January 1914: About to publish abroad details of my Mona Lisa picture, picked up in Bath, a very delightful thing showing the colours mentioned by Giorgio Vasari; and much larger than the Louvre picture, which has just been restored after her adventures.

Shortly afterwards, Blaker writes to his sister about his Mona Lisa discovery.
The Mona Lisa is perfectly beautiful. Witcombe (the painter) is raving about it too. I may be very sanguine, but I think there is big money in it. I am sure it was done in Leonardo’s studio before the Louvre picture was finished as the background is entirely different and two columns, of which the bases are just showing in the original (sic !) run up each side of the painting. The Louvre one is 31 x 21 in.: mine is quite 33 3/8 x 25 ฝ in. One would argue that … the figure was probably done first and the background left until the end. Hence the disparity between the two backgrounds. That in mine is not so finely wrought and quite different in composition. Therefore it is not a copy as we understand the term. The hair is different too and the Louvre picture must have been cut down after mine was finished. My dress and hair are darker in tone on account of the canvas. The Louvre picture is on panel which keeps pictures in far better condition. The hands and face being in light opaque colours do not vary very much from the other one. If there is a reproduction at … see what I mean about the columns. The edge(s) of the bases are just showing, the rest about 2 in. each side of the picture is cut off *. I am intensely interested and shall get every particular possible about the Louvre picture and a copy in the Uffici (Uffizi) and one in the Prado. But mine is not an exact copy as these are, which makes it so very important. … It is indeed a capture.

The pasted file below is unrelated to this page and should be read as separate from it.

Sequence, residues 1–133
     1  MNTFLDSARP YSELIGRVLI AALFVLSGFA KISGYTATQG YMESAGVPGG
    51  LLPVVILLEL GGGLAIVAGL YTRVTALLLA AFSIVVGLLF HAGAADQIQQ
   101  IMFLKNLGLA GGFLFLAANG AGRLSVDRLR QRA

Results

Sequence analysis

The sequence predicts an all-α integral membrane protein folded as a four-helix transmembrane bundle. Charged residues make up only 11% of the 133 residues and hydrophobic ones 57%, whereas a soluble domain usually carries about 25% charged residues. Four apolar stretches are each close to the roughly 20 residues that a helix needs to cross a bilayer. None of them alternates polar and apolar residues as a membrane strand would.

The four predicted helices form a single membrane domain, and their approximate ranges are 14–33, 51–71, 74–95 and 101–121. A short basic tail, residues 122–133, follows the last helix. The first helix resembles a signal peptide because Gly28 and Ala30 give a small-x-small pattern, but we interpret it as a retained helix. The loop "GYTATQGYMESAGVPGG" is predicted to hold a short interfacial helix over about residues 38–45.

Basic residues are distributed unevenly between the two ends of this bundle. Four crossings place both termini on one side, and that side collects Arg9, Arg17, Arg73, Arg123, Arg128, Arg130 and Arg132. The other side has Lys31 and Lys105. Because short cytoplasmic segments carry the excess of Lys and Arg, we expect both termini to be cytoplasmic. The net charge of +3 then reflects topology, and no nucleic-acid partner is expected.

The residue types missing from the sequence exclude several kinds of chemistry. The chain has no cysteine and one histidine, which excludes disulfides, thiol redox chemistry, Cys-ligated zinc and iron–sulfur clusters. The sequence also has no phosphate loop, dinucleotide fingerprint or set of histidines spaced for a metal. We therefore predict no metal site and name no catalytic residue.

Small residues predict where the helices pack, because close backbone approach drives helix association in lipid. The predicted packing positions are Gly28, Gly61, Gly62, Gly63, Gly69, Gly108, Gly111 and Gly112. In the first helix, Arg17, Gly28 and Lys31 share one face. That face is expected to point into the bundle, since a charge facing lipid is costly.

As it turned out, the timing of his discovery was not great, and within months both his peaceful existence and his plans were soon to be totally disrupted. Later that summer of 1914, with the outbreak of the First World War, “ … the golden world of connoisseurs that stretched from Philadelphia and Boston to Berlin and St. Petersburg was shattered.”

The painting was sent to the United States for safekeeping during the Great War. Documents show that it was hanging in the Museum of Fine Arts, in Boston, where it was on loan from December 1914 until January 1918. The terrible conflict would eventually be over, though life, and the world, would never be the same again.

Throughout the war Hugh Blaker remained irrepressible, and in his diary entry of April 17, 1921, noted that he bought a Holbein at the “tragic sale [1915] of the Sydney family in Kent. The Marsham Townshends [and] Duveens are negotiating for it, and Langton Douglas as well.” Blaker eventually sold the painting to Duveen. In 1923 Paul Ganz, the Holbein scholar, finally authenticated the work, confirming Blaker’s accuracy in identifying old masters.

Eventually, towards the end of 1922, Blaker finally had the opportunity to send his Mona Lisa to Italy, to be assessed by some of the greatest Leonardo experts living at the time.

*Editor’s note: After extensive testing in 2004, the Louvre verified that the painting of their ‘Mona Lisa’ had never been trimmed, meaning that the columns on Blaker’s ‘Isleworth’ version were unique and original to that painting. [See section: ‘The Vital Importance of the Columns’]